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Thread: How Mac OS X handles hybrid graphics

  1. #1
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    Question How Mac OS X handles hybrid graphics

    As Linux is not really good at switching graphics (dedicated to in-build). I wonder how mac os x is handling this issue??

    Do, mac users also use switcheroo and all the **** (these even doesn't switch on run time)

  2. #2
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    Re: How Mac OS X handles hybrid graphics

    Quote Originally Posted by suryak View Post
    As Linux is not really good at switching graphics (dedicated to in-build). I wonder how mac os x is handling this issue??

    Do, mac users also use switcheroo and all the **** (these even doesn't switch on run time)
    You can tell a MacBook to always use the GPU, or you can tell it to use the onboard chip and automatically switch to the GPU when needed.

  3. #3
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    Re: How Mac OS X handles hybrid graphics

    Then why it doesn't possible in Linux distro's. Even OS X is from UNIX family!!!

  4. #4
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    Re: How Mac OS X handles hybrid graphics

    Quote Originally Posted by suryak View Post
    Then why it doesn't possible in Linux distro's. Even OS X is from UNIX family!!!
    OSX is a proprietary system running on a limited selection of hardware, which is hand-picked by Apple (hardware vendors develop according to the requirements of Apple and provide Apple with any internal information that is necessary). It is no wonder that it works. Linux, on the other hand, often doesn't get much information and support by hardware vendors, developers often have to guess how the hardware works, and Linux has to work on a broad variety of hardware.

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    Re: How Mac OS X handles hybrid graphics

    Quote Originally Posted by suryak View Post
    Then why it doesn't possible in Linux distro's. Even OS X is from UNIX family!!!
    It also really has nothing to do with Unix. Unix itself knows nothing about graphics and GUI's and mice and such. Anything that burrows deep into hardware has to be coded specifically to deal with the piece of hardware. Take all that stuff away and you'd still have text-based Unix, as it was originally developed. As long it it could talk to green-screen monitors, you were good to go.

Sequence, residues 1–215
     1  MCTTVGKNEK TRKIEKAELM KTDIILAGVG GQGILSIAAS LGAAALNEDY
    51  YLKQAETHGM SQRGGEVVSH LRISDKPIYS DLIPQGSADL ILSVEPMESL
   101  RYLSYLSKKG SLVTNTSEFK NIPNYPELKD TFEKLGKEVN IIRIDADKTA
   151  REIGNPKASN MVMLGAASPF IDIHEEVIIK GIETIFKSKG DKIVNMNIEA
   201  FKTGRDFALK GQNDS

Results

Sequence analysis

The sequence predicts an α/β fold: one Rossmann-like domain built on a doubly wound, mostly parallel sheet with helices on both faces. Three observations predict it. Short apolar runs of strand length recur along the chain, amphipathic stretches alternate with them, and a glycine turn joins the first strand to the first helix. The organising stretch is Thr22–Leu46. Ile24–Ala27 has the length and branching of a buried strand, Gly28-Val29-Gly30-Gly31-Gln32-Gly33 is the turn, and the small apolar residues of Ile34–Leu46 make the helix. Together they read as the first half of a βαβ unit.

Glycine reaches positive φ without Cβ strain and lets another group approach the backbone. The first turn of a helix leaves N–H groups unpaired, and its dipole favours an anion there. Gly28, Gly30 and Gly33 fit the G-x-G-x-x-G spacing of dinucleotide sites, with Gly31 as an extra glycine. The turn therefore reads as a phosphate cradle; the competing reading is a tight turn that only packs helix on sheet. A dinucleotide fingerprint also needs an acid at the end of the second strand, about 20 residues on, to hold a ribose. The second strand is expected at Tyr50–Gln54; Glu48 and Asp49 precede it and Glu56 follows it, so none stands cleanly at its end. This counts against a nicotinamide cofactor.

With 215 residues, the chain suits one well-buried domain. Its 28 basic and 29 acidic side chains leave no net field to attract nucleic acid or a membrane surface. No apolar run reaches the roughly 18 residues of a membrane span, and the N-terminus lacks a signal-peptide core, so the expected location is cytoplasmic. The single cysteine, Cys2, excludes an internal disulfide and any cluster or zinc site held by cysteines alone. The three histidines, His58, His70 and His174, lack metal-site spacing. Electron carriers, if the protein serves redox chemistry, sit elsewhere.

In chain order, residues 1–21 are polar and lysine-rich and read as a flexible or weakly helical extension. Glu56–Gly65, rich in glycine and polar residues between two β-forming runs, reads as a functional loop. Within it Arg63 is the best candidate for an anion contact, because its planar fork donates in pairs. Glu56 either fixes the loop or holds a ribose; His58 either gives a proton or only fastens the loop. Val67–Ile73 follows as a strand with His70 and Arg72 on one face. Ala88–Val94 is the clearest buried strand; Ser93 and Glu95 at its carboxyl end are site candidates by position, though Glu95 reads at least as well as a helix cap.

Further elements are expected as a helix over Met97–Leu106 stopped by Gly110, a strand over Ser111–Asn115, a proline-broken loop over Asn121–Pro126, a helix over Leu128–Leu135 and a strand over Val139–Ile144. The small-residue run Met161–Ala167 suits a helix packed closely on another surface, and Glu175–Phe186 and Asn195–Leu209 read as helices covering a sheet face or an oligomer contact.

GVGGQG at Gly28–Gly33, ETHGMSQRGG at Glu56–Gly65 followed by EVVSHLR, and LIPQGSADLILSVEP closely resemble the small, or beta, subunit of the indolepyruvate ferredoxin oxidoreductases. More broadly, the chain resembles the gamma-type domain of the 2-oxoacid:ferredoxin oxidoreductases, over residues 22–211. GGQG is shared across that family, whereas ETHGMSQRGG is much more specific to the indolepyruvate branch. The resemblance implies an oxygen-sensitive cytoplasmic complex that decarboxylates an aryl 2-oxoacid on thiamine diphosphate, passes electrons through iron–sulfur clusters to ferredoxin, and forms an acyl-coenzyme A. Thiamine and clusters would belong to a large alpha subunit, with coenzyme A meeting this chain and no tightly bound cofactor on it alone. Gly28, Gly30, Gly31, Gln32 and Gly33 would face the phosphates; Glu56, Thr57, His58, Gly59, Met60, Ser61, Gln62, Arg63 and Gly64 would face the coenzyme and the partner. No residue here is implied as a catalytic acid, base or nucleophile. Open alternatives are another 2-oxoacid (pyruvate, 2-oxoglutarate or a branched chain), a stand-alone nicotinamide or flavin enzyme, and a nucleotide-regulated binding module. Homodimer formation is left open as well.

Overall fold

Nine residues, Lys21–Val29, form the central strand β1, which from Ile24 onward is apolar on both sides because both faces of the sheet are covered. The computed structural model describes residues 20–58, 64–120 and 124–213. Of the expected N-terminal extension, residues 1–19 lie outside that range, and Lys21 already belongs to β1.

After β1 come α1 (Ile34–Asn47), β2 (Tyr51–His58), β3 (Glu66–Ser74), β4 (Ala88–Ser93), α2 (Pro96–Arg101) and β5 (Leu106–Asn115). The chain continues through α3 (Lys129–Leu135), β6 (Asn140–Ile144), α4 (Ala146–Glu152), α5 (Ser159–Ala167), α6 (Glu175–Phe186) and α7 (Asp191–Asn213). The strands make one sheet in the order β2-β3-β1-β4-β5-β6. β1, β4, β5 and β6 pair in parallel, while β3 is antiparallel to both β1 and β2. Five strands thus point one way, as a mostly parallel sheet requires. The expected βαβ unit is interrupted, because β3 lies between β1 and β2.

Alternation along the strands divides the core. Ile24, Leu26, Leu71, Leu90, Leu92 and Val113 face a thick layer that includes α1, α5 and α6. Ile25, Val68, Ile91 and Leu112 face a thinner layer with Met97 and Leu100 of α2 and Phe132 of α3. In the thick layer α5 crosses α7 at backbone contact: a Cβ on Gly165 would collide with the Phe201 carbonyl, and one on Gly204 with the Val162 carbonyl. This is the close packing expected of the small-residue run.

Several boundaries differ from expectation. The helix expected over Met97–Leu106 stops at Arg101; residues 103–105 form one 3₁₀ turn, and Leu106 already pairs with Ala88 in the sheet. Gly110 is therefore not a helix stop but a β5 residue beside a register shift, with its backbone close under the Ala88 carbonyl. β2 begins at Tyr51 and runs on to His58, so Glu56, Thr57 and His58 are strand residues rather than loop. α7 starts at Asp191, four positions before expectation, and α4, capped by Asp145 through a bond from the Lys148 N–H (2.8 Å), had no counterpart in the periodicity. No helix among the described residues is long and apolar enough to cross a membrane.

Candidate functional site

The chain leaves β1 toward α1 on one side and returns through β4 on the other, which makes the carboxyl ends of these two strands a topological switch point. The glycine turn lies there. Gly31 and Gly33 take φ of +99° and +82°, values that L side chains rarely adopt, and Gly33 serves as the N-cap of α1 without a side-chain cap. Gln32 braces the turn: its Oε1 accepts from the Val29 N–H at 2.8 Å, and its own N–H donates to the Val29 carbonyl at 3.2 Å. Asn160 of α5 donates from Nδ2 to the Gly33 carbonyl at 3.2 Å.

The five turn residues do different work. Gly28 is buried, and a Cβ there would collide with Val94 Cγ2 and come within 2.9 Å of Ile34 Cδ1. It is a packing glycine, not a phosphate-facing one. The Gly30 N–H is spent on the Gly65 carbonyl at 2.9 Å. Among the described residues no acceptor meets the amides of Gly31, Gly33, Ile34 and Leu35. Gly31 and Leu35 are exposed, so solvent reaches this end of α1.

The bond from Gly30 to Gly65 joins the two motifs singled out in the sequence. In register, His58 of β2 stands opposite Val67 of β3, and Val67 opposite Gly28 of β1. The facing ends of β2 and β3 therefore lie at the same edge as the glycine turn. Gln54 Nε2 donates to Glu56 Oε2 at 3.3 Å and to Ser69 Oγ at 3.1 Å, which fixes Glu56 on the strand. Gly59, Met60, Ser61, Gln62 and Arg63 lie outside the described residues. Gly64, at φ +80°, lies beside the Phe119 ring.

6. #6
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    Re: How Mac OS X handles hybrid graphics

    Quote Originally Posted by buzzingrobot View Post
    It also really has nothing to do with Unix. Unix itself knows nothing about graphics and GUI's and mice and such.
    Well, if that's the case, the switching of hybrid graphics is only in "ubuntu"??

  7. #7
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    Re: How Mac OS X handles hybrid graphics

    Quote Originally Posted by suryak View Post
    Well, if that's the case, the switching of hybrid graphics is only in "ubuntu"??
    No. If a Linux driver is written to deal with "X" hardware from "Y" vendor it's available to all.

    The issue is this: Linux, in particular, the kernel, needs to support a vast array of hardware from thousands of different vendors. Those products are made to sell into the Windows market. Their vendors have an incentive to write code to make sure their products work in Windows. Microsoft has an incentive to ensure that new Windows releases don't break old code.

    That doesn't happen in Linux, usually. Linux developers are on their own to figure out how to interface with hardware. Vendors like AMD and Nvidia who release open source drivers for their proprietary products are exceptions. Linux developers, frankly, have no idea if their code will work with every possible piece of hardware that's out there. They can't.

    That said, things are very much better than they were several years ago, when getting something like a wifi card to work was a real battle.

    Apple has a great advantage because it controls both the hardware and the software in its products. it works with a very small set of hardware and doesn't worry about anyone else's hardware. While the hardware in Apple's is actually pretty much off-the-shelf, not custom, stuff, I wouldn't be surprised if hardware vendors tweaked their products at Apple's behest.

    There are Hackintosh hobbyists who run OS X on non-Apple hardware and they have at least as many hardware issues as Linux users.

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